recently a couple of us at work decided to start a book club. more of a contest, actually. the first to finish all the booker winning novels gets lunch at a swanky place, and the next year's booker winning..... uh, book. going by the latest tally, i'm not leading :(. but, hey, it's the spirit that matters ;-). never mind that it makes me sound like a member of the indian olympic team.

phir bhi, i think this whole 'booker or bust' thingy is good for me. for one, it'll goad me to read more books. by at least a few chaps who know how to string a sentence or two together. secondly, and hopefully, i won't spend ages on one fucking book.

so far, i have finished three books in four weeks. not bad, considering my schedule over the past few weeks. but shtill, no room for complacency here. the blind assassin by margaret atwood, in a free state by vs naipaul (someone should sue the bugger for mental harassment! anyway, that's for another post) and amsterdam by ian mcewan. amsterdam is a terrific book. ian has a flair for infusing humour into morbid subjects. and that makes this book eminently readable. i just started alan hollinghurst's the line of beauty. i haven't read much, but so far so good.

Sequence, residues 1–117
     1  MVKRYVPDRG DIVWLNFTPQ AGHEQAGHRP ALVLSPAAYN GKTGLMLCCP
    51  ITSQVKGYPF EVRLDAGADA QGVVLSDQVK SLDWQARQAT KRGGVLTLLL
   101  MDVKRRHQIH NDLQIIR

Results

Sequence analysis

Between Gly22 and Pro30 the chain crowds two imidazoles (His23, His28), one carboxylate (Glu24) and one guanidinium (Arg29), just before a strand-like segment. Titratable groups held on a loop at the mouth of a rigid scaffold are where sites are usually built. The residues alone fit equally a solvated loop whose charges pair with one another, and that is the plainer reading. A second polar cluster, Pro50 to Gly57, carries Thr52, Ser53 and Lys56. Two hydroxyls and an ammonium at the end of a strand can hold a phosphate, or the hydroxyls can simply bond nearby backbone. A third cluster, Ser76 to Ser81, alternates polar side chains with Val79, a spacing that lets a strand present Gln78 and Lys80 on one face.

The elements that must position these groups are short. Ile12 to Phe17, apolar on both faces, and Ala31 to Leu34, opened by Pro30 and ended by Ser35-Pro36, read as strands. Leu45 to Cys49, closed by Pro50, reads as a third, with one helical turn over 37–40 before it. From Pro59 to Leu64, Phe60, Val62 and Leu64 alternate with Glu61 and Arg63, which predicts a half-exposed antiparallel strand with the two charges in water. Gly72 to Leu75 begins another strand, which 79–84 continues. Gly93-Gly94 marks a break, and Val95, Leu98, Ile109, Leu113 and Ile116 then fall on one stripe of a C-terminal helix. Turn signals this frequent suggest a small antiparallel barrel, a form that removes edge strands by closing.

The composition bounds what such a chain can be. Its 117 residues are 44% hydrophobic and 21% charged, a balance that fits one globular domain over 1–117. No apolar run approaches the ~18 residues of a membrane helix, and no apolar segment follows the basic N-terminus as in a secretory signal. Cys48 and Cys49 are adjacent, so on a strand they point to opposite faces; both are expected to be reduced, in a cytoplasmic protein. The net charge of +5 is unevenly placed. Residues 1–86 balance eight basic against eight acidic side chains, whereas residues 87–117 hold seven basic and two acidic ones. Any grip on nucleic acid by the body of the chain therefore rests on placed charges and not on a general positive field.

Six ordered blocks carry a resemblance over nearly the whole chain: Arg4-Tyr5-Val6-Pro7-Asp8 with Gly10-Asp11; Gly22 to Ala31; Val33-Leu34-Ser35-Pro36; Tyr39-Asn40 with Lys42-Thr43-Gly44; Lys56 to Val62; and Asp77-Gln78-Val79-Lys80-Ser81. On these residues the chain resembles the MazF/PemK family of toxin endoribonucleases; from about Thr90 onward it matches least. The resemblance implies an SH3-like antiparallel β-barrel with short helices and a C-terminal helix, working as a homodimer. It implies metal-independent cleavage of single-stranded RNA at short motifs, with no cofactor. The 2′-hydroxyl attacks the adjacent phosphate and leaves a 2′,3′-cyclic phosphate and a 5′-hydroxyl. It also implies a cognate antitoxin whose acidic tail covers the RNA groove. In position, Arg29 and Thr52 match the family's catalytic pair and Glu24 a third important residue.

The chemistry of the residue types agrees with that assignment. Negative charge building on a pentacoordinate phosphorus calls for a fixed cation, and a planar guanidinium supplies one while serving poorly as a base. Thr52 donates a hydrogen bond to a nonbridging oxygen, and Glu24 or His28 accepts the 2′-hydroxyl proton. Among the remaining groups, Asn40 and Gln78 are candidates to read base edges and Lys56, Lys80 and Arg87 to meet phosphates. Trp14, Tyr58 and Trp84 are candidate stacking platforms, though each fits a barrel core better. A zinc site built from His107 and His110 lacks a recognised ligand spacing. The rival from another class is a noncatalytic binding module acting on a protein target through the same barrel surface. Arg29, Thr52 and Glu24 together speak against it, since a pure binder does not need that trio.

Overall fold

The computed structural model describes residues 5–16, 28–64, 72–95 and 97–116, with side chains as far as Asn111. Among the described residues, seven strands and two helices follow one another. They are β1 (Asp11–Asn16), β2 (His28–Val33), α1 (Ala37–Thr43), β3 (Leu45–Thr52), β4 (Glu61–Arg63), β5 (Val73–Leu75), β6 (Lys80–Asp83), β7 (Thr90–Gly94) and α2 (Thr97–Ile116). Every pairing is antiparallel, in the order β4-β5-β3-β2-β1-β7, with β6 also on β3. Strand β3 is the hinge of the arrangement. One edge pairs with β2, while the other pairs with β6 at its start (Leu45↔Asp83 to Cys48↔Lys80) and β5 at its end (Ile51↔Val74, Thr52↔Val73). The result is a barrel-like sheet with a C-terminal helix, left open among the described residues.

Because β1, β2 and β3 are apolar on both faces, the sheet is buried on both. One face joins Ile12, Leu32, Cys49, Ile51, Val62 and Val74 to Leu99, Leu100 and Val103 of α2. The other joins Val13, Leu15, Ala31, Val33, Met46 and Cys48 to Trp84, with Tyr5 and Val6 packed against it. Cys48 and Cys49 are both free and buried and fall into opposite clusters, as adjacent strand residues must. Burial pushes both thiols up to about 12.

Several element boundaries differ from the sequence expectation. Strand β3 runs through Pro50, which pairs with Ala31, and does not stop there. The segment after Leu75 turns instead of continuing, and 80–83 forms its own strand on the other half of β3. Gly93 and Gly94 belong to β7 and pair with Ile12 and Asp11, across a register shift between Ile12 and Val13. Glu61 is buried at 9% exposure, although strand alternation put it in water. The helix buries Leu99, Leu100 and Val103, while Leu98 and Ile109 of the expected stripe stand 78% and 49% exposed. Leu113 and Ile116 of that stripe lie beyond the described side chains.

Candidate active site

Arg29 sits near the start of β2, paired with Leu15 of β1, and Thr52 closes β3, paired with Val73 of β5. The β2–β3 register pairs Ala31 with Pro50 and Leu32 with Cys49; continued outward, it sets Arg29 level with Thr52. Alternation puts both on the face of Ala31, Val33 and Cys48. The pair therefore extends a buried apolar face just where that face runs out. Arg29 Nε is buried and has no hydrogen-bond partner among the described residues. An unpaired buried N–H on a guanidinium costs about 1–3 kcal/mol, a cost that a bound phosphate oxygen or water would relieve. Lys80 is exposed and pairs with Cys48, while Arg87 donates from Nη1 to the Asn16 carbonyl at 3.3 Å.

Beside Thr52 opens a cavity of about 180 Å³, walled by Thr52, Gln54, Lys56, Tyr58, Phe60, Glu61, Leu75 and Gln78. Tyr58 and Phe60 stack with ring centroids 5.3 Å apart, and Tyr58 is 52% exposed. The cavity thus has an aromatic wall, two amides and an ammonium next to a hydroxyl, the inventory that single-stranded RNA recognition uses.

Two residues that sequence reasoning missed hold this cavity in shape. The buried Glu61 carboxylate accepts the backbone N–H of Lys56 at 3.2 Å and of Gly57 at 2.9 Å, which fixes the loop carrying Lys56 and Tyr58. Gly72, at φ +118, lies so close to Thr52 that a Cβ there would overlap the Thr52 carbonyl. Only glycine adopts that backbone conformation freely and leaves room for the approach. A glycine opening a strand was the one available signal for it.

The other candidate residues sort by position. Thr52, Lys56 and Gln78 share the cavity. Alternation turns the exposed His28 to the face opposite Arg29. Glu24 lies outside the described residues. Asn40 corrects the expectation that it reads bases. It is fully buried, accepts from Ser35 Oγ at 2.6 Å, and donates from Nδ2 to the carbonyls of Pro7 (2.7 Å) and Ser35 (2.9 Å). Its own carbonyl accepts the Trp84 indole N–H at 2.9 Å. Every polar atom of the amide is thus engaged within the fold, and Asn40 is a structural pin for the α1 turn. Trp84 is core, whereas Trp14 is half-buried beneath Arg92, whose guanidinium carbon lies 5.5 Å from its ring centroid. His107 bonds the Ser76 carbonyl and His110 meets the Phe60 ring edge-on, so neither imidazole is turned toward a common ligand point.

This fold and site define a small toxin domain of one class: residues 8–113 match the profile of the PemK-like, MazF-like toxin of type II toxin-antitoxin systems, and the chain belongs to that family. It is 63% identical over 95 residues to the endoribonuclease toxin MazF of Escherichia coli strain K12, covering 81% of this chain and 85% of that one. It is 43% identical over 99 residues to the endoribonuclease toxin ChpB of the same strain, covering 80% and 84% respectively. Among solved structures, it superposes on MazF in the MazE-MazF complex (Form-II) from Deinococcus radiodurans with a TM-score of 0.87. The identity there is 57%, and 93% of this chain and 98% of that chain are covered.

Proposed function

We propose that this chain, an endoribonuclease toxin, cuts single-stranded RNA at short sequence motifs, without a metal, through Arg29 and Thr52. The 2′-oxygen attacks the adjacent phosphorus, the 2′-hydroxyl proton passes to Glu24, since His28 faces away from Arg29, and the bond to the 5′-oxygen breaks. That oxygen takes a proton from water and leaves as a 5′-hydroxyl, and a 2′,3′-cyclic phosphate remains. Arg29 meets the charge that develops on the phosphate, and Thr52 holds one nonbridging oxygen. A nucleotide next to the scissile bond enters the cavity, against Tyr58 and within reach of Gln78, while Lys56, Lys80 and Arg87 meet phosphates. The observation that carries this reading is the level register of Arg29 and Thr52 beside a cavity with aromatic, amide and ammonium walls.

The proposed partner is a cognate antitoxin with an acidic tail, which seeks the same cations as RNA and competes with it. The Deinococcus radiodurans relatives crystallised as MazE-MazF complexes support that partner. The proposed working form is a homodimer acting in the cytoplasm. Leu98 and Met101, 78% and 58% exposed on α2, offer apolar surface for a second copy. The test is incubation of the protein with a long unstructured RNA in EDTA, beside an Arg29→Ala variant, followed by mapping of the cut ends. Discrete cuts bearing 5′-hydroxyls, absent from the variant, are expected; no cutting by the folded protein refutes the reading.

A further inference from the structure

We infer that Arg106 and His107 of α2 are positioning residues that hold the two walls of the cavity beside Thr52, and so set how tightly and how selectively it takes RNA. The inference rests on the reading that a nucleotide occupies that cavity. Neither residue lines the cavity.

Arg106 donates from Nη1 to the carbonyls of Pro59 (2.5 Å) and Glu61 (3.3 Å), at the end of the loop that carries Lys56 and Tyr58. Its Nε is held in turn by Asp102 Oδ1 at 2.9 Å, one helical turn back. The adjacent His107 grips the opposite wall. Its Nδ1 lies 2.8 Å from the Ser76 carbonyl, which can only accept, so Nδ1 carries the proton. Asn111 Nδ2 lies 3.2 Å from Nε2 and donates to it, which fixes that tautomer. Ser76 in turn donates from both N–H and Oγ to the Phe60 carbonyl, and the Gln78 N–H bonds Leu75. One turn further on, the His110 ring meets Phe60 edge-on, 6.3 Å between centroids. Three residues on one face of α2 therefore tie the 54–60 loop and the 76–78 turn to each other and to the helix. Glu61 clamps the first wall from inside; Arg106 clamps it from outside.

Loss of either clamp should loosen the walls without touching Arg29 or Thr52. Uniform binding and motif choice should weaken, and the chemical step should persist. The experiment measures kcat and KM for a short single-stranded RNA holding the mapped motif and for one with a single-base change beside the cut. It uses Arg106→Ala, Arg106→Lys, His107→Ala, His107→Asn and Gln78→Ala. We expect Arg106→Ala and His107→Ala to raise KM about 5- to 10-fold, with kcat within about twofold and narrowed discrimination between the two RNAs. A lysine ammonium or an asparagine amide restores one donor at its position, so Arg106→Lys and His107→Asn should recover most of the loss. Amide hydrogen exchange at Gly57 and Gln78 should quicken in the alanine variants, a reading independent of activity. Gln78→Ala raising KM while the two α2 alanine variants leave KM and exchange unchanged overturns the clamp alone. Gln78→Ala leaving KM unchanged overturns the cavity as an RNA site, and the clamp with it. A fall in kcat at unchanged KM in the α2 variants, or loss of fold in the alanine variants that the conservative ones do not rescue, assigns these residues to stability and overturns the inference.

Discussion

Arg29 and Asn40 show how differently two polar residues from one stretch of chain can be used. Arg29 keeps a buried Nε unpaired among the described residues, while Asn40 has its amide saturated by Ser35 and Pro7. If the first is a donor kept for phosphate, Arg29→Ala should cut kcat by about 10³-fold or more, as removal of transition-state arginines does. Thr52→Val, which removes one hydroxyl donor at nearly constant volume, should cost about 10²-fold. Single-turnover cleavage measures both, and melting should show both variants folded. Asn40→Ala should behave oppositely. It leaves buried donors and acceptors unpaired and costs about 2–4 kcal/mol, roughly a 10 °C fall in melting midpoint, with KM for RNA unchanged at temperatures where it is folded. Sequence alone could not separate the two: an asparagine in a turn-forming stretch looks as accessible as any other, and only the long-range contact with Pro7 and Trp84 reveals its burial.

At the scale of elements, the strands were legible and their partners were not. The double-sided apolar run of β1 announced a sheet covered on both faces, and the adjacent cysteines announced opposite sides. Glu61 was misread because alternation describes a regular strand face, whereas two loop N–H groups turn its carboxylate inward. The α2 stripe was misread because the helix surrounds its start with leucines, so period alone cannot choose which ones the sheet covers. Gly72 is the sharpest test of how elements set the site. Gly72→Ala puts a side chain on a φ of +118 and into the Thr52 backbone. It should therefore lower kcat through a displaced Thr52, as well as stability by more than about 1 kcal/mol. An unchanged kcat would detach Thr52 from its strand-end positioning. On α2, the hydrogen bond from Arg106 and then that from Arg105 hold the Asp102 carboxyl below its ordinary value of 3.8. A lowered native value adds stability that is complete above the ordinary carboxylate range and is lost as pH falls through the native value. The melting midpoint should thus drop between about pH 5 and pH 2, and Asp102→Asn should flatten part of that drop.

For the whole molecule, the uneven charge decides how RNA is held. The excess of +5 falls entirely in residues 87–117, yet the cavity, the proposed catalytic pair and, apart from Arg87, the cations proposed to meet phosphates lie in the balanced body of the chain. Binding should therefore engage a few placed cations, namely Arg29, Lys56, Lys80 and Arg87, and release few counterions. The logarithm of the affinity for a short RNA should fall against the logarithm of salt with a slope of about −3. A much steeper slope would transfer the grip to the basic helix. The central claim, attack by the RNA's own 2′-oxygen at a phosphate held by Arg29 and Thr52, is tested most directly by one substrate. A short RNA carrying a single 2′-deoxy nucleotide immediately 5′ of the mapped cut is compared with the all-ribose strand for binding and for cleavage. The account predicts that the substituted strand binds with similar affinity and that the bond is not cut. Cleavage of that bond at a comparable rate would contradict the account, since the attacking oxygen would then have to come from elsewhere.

so, lets see, if it's gonna be booker or bust.

Sunday, April 24, 2005

petticoats are in

it's that time of the year again. when india's pg3 tailors scamper up and down a ramp at the lakhme india fashion week (lifw). with the year's latest rip offs from the fashion hotspots of the world. this time round, however, the inspiration is closer to home. the coots have ripped off petticoats! apparently, it's hit big time in new york and london. india today's latest issue claims a couple of british mags went crazy over the 'boho' look. our fashion gurus must have heaved a sigh of relief: ripping off will be a lot easier this time round.